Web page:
Standing at about 4 feet tall at their shoulder and weighing 250 lbs. on average, llamas are large mammals that have served the people of the Andes Mountains as pack animals for thousands of years. Their thick, multi-colored wool has been a major part of Peruvian culture stretching all the way back to the Incan empire. They are also used as pack animals and can take on 50 to 75 lbs. of weight.
Habitat & Diet
Llamas are exceptionally well suited to their high elevation habitat. They consume grass and the sparse foliage available to them at high altitudes. They are also a camelid and require very little water for their body size to stay hydrated. The Incans saw the potential for a low-maintenance pack animal that also produced wool and provided a high meat yield and so they became an integral part of Incan culture.
Llamas are very social herd animals that are extremely inquisitive by nature. They get along with humans very easily and can live with other domesticated animals with little problems. They can be temperamental when mistreated or mishandled. This can result in bouts of spitting, nipping and even kicking.
Meet our Residents
- Did you know llamas make great guard animals? In the 1980s, ranchers looking for a way to lower the rate of predation on their sheep herds introduced gelded male llamas. The experiment worked as the llamas’ instinct as a pack animal led them to bond with the new herd. As a result, they would boldly chase off coyotes and feral dogs before they harmed the herd.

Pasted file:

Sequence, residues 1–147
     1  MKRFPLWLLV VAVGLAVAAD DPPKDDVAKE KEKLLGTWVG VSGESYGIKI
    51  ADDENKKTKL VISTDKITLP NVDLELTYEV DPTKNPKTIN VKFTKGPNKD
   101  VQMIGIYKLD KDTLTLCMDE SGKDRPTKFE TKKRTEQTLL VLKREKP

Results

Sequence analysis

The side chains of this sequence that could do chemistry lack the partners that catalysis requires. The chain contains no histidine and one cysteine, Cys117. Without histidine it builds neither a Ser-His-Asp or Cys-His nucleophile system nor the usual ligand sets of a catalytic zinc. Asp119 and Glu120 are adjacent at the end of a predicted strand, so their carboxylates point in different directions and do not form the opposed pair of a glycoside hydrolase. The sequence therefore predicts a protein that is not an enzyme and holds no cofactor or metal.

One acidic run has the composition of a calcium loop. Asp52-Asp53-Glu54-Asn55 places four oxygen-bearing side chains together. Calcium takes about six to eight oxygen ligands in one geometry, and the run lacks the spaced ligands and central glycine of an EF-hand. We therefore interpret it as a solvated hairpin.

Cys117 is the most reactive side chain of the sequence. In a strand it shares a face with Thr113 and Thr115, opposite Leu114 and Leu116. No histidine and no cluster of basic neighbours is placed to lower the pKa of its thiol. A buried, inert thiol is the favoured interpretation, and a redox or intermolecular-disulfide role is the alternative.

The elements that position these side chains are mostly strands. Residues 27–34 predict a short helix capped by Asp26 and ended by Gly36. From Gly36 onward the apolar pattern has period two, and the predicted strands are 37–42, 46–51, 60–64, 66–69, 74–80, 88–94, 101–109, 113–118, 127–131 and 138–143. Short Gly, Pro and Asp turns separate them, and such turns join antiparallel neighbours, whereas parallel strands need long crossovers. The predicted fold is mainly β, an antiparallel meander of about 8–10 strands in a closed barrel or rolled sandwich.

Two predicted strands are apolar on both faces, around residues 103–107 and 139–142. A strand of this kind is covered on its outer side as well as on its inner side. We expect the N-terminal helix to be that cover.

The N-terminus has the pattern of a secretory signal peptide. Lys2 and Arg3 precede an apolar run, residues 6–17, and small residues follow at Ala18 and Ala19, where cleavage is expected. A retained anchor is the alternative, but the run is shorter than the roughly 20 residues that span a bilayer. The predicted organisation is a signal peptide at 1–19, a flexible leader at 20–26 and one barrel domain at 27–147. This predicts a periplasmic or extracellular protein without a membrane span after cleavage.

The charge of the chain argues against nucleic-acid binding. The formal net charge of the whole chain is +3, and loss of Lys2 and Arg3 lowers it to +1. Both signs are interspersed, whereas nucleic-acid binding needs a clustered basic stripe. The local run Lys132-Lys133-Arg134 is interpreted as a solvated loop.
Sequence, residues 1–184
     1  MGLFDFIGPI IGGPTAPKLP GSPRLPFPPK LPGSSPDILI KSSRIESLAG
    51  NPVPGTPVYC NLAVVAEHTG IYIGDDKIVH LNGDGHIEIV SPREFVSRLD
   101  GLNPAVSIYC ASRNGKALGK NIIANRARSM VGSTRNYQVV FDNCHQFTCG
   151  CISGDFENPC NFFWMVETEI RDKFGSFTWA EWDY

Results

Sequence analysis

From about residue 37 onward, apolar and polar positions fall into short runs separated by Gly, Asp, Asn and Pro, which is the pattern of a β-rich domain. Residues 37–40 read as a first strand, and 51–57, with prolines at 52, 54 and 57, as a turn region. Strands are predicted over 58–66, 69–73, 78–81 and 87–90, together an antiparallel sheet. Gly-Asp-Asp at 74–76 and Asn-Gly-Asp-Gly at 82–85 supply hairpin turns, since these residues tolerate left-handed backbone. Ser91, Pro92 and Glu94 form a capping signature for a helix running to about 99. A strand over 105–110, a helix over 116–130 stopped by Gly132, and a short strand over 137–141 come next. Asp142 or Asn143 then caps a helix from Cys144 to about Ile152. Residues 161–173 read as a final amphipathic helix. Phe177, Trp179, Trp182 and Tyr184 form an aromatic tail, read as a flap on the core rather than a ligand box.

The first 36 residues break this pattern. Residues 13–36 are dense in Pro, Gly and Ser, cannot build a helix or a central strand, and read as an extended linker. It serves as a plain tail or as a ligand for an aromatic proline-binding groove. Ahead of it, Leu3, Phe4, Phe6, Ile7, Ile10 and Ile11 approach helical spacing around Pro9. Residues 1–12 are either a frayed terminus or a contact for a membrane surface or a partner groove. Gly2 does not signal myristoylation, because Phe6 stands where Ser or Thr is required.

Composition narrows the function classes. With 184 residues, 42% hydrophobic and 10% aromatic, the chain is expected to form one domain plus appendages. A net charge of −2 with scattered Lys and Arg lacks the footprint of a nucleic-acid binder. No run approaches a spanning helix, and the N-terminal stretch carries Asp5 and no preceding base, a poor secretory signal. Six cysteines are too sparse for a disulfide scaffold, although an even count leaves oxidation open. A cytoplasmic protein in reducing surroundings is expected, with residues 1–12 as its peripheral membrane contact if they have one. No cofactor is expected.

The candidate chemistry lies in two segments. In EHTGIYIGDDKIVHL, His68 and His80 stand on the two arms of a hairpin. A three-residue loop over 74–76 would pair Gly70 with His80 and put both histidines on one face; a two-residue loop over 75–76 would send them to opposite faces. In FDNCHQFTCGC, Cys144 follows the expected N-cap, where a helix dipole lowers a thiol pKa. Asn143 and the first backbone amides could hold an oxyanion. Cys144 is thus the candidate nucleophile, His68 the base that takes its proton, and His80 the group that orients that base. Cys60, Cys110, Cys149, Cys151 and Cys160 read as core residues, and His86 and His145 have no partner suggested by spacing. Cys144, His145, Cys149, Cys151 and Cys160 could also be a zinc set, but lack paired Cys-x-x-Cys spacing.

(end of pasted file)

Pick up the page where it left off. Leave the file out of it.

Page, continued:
- Want to know how mad a llama is at you? Look at the spit. A llama will pull more and more material out of their three stomachs to spit at you depending on how agitated they are.
Status In The Wild
Llamas have been domesticated for so long that they can no longer be found in the wild. They are bred en-masse and serve humans in different ways around the globe. The parent species of the llama, the guanaco, and their wild cousins, the vicuna, both still roam the Andes as wild animals, thriving in their natural habitat despite their population being nearly wiped out by Spanish hunters in the age of exploration.